“Leveraging on its experience in the healthcare market, Linxens continues to bring its sensing and connectivity solutions to enable and accelerate connected medical care around the world.”
François Germain, Medical & Sensor Business Development Manager.
Higher costs of healthcare, strains on healthcare resources, a growing preference to avoid healthcare centres in person and medical conditions which require monitoring over a period of time, are all contributing to the burgeoning investments in smart monitoring solutions.
We have developed technologies that enable healthcare professionals to monitor their patients’ physicochemical signals remotely. Incorporated into wearable patches and devices, these solutions help to provide continual care, but at lower cost. Doctors and nurses can treat more patients and the need for hospital presence is reduced. Patients gain greater autonomy and risks of infection are lowered.
As an example, smart wound dressings can monitor the healing process by measuring the quantity of liquid absorbed by the dressing. Information is transmitted to the healthcare provider in real time, so they are instantly alerted when the dressing has to be changed and only visit the patient when needed. This brings significant cost savings and operational efficiencies to the healthcare system.
Track and Trace solutions
Linxens’ radio-frequency identification (RFID) solutions are micro-systems which combine a transponder, receiver and transmitter to track objects, store information and transmit data.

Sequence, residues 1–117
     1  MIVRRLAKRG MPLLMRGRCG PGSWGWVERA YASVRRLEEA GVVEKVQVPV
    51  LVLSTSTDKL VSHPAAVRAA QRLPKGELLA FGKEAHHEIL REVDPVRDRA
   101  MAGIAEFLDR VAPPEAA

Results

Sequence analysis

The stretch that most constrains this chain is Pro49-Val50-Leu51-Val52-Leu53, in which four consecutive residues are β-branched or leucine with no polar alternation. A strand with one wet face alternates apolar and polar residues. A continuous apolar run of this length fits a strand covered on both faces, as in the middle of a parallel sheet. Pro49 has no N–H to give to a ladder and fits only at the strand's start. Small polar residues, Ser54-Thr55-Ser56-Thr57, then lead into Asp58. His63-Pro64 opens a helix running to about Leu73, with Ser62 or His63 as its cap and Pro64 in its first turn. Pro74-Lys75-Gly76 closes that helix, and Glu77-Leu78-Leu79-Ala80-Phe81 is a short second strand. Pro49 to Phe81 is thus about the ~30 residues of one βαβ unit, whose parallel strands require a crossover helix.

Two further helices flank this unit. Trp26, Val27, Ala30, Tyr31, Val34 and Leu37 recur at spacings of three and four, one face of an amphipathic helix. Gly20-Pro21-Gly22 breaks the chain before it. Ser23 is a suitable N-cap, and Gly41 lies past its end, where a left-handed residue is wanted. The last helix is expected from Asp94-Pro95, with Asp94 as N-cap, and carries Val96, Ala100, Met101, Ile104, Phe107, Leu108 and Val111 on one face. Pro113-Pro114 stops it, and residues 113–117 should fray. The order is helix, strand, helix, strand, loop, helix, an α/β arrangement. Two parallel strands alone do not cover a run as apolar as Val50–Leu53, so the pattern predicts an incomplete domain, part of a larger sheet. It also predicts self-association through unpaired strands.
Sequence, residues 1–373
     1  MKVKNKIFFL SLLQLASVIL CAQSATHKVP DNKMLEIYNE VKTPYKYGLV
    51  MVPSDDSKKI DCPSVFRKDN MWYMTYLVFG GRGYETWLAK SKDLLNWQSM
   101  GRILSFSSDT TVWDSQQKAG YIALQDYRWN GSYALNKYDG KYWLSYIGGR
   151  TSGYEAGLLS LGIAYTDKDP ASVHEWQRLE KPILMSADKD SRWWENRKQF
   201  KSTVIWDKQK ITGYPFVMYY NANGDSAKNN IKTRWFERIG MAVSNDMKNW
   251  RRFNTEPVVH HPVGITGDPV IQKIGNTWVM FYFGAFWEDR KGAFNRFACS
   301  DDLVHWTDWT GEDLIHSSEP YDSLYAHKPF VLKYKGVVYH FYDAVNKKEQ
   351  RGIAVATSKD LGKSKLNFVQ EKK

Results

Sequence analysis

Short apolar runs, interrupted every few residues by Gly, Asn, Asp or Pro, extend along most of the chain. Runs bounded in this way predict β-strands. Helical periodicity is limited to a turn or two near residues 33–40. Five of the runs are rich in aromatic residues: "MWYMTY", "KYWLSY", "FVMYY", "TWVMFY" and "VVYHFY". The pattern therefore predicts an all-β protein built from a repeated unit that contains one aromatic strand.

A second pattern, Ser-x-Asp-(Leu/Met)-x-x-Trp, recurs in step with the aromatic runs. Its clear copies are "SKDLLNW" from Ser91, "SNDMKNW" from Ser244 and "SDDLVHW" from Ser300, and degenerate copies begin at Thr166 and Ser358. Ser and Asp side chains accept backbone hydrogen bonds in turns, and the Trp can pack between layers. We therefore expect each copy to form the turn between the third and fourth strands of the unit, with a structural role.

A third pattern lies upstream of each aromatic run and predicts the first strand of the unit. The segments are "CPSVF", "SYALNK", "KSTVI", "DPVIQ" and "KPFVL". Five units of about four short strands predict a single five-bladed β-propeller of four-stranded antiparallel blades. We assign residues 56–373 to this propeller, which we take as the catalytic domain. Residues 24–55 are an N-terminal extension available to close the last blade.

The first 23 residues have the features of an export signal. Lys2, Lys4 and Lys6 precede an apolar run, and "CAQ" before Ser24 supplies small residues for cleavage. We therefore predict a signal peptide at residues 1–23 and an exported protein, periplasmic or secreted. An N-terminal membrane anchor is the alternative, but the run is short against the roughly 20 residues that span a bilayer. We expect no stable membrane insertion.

Hospitals are an ideal application for RFID technologies, due to their complex and constantly changing environments. Linxens has developed RFID systems specifically for hospitals, to help staff quickly locate patients and equipment.
RFID tags on equipment can store data on servicing and maintenance requirements or ensure that medical instruments have been sterilised. RFID tags can also be used to check the authenticity and expiration date of medicines and other consumables.
For patients, wearable RFID wristbands give them more freedom to move around the hospital, while staff can easily monitor their whereabouts. RFID wristbands are a highly practical solution for storing patient information on treatments and prescriptions. This information can be instantly matched with the barcodes on drug packaging, to ensure the correct medication is given – and to optimise stock control.
Secure access and confidential data
Linxens’ expertise in smartcards and the secure transmission of information ensure the protection of patient information and other confidential data. Smartcard solutions can be used as access control systems, to buildings, departments, or restricted access areas of the hospital.
A more proactive approach to smart, connected healthcare
Despite stringent regulatory frameworks, new medical technologies are being developed, approved and deployed at a faster pace than ever. Innovations that enable high-quality, remote healthcare are at the peak of this trend. Over the last 18 months, accelerated by the COVID-19 pandemic, governments and regulatory bodies have taken a more proactive approach to adopting smart, connected solutions which can accelerate access to medical services, for larger numbers of patients. This provides greater protection for medical staff and allows healthcare resources to be used more efficiently.